Colombia has found itself on shaky ground in Havana, Cuba, ever since peace talks between the Colombian government and militant group FARC in Havana, Cuba were suspended  due to the kidnapping of an army general and two of his companions.
At the time of this post's publishing, representatives of Cuba and Norway — guarantor countries of the peace process – announced  in Havana that FARC agreed to release Gen. Alzate, along with a civilian lawyer and a corporal who were traveling with him, plus two soldiers captured a week earlier in the department of Arauca near the Venezuelan border.
— Diana Marcela Otavo (@dianamotavo) November 17, 2014 
Francisco Javier Cuadros also posted (@fjaviercuadrs ):
— Fco. Javier Cuadros (@fjaviercuadros) November 17, 2014 
The FARC is Colombia’s largest guerrilla group. It was established in 1964 by survivors of a government crackdown on a Communist-inspired peasant group, and has long financed its 50-year-old war against the government by kidnapping, extortion and participating in the drug trade on various levels.
The agenda of the peace talks covers six issues: land reform, political participation, drug trafficking, rights of victims, disarmament of the rebels, the implementation of the peace deal.
Political leaders of various ideologies have also protested the suspension.
Senator for the Democratic Pole Iván Cepeda, for example, wrote on the subject of a protest in Bogotá on the morning of November 19:
The people are taking to the streets to defend the peace process and #TreguaYA 
[In the photo: “The people have the key to peace.”]
Meanwhile, Mayor of Bogotá and former leftist rebel Gustavo Petro commented:
Nuestros hijos no se merecen la guerra, llegó la hora de movilizarnos por la Paz. #TreguaYA 
— Gustavo Petro (@petrogustavo) November 17, 2014 
Our children do not deserve war, the time has come to stand up for Peace. #TreguaYA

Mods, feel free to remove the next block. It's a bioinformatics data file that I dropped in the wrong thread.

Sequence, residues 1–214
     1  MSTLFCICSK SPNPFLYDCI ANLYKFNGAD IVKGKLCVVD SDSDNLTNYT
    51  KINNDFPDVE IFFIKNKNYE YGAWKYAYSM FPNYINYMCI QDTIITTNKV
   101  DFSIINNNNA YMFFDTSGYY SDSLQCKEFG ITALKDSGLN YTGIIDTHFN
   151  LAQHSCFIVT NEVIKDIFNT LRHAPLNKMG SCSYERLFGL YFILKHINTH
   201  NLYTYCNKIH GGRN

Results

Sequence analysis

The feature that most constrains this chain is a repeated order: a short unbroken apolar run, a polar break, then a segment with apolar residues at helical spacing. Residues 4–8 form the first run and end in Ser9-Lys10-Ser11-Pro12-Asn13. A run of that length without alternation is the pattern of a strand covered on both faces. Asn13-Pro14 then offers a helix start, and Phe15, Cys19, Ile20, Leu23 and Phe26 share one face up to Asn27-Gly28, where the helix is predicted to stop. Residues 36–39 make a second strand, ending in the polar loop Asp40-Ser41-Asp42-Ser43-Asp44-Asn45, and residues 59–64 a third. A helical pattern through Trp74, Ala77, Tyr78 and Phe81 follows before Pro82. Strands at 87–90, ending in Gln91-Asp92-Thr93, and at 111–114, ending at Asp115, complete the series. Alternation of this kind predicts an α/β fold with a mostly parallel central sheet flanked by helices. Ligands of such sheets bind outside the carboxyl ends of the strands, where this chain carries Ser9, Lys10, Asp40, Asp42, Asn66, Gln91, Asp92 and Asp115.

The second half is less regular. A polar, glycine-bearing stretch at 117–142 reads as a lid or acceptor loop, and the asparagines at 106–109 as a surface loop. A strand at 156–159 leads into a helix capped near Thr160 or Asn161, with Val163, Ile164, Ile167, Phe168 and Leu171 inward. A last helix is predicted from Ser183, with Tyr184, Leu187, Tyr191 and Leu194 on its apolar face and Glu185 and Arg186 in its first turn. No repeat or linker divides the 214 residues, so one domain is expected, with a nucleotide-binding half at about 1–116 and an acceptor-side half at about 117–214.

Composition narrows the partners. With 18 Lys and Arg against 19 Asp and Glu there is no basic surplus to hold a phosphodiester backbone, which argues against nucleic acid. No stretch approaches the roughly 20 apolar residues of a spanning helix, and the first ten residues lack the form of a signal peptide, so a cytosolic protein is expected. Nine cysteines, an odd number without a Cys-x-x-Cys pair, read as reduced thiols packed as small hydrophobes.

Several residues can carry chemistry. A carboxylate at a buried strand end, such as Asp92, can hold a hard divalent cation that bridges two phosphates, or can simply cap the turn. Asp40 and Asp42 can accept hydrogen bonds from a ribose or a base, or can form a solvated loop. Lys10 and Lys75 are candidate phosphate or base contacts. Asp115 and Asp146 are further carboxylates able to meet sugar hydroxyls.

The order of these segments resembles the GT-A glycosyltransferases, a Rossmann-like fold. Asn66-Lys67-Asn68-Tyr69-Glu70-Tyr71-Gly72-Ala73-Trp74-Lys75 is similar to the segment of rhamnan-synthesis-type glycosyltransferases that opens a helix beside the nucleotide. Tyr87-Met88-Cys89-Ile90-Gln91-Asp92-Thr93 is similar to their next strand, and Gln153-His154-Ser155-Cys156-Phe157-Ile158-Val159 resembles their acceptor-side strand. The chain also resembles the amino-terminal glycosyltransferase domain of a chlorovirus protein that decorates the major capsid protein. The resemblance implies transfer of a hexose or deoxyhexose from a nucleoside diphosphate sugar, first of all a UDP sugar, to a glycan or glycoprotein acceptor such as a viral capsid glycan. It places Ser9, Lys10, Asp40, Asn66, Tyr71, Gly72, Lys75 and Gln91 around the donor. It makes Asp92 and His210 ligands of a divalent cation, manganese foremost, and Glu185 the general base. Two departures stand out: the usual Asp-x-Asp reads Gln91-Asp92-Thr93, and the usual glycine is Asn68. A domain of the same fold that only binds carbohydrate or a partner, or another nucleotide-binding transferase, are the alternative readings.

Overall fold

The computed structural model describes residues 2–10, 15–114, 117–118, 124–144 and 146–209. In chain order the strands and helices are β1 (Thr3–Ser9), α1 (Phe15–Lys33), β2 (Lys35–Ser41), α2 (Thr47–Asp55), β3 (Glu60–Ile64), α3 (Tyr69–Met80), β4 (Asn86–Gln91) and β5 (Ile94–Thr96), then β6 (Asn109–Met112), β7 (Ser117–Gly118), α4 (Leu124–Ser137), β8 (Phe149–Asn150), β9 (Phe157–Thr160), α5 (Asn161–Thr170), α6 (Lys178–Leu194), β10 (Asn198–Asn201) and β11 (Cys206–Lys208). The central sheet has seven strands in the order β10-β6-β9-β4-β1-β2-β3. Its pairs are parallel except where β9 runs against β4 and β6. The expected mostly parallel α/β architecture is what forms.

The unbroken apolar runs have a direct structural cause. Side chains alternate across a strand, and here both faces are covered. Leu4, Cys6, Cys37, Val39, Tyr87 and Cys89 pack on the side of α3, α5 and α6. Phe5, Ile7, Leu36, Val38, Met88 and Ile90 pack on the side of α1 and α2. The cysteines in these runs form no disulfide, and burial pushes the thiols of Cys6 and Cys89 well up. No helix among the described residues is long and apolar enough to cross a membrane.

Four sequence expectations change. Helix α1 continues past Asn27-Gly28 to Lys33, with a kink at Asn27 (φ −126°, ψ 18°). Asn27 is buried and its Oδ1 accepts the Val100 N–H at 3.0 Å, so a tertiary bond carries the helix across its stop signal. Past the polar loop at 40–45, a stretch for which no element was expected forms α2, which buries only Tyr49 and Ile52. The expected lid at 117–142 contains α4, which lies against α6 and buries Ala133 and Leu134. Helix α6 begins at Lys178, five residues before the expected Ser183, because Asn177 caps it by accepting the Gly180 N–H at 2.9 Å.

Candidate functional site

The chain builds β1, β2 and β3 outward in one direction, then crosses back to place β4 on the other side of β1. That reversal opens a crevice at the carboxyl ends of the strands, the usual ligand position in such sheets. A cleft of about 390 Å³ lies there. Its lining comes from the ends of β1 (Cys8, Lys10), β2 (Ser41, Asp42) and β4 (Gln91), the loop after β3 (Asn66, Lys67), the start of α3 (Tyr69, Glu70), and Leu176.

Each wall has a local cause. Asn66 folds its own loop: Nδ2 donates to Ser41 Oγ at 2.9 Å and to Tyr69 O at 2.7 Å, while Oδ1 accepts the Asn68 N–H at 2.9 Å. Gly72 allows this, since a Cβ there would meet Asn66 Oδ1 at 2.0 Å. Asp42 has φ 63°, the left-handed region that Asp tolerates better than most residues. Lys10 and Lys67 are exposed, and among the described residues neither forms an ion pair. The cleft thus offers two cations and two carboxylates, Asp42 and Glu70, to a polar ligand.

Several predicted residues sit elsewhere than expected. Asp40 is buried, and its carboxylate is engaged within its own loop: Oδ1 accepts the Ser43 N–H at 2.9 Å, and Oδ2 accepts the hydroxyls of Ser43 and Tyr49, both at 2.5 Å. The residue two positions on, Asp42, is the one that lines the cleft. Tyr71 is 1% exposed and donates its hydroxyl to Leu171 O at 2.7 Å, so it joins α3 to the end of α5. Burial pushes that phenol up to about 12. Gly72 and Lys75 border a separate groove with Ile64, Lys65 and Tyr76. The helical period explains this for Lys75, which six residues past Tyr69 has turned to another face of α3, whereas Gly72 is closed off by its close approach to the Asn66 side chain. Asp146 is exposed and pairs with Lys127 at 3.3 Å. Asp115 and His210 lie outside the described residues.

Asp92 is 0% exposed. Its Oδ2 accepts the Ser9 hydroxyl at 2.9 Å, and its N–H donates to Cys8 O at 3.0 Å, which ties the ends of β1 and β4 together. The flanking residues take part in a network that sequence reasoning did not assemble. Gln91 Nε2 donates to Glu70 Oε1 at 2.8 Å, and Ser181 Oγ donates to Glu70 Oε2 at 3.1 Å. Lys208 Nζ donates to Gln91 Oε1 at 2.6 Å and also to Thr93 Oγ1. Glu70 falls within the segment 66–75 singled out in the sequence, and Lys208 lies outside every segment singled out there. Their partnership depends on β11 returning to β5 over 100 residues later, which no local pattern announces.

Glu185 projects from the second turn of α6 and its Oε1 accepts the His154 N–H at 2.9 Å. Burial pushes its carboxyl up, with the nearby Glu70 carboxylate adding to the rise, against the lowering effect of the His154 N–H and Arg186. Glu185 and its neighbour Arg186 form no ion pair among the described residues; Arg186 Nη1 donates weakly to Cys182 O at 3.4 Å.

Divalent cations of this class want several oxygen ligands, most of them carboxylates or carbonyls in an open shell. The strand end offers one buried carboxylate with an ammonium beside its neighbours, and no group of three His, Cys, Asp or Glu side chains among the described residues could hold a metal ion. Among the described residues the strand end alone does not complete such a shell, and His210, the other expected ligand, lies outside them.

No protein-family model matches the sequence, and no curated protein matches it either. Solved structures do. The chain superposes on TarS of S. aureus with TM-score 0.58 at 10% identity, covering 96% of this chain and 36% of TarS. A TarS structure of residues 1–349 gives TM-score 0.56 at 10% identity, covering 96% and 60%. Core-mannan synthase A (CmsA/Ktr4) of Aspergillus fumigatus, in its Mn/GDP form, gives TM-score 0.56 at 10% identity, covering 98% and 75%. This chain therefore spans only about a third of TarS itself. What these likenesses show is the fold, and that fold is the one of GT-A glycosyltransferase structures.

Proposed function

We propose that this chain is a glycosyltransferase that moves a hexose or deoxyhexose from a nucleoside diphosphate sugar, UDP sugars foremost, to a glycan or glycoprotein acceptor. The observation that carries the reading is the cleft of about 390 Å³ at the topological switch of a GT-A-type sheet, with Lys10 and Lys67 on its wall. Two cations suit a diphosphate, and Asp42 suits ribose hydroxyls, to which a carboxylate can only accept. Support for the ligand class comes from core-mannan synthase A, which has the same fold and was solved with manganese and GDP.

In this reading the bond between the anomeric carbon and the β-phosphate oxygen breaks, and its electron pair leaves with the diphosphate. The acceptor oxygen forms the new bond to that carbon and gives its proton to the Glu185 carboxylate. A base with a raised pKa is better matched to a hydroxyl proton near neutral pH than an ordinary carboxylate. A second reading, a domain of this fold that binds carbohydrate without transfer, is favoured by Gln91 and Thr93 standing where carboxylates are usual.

On the night of November 19, Medellin residents joined together in the streets as shown by Juan Mosquera @lluevelove  in the photo below:
“No suspendan los diálogos, suspendan la guerra” Ciudadanos ejerciendo ciudadanía hoy en el centro de Medellín pic.twitter.com/nnYZUoheaZ 
— juan mosquera (@lluevelove) November 20, 2014 
“Don't end the talks, end the war” Citizens practicing their civic duty in the center of Medellin
Nadie sale bien librado de una guerra, ni víctimas ni victimarios. Si ante los unos cabe respetar y reparar su inmenso dolor, ante los otros cabe corresponder con decoro a su declarado arrepentimiento, con apego a la ley por sobre todo lo que intenta desvirtuarla.
When it comes to war, no one gets off lightly; neither the victims nor the victors. If in the presence of some we can respect and heal their incredible grief, we must in the presence of others respectfully respond to their declarations of regret, with adherence to the law above all things that try to distort it.
This November 19 marked two years since the Colombian peace process began in Havana, Cuba. You can read more about the talks on the Spanish-language “Official website of the round-table discussions  for ending the conflict and building lasting peace in Colombia.”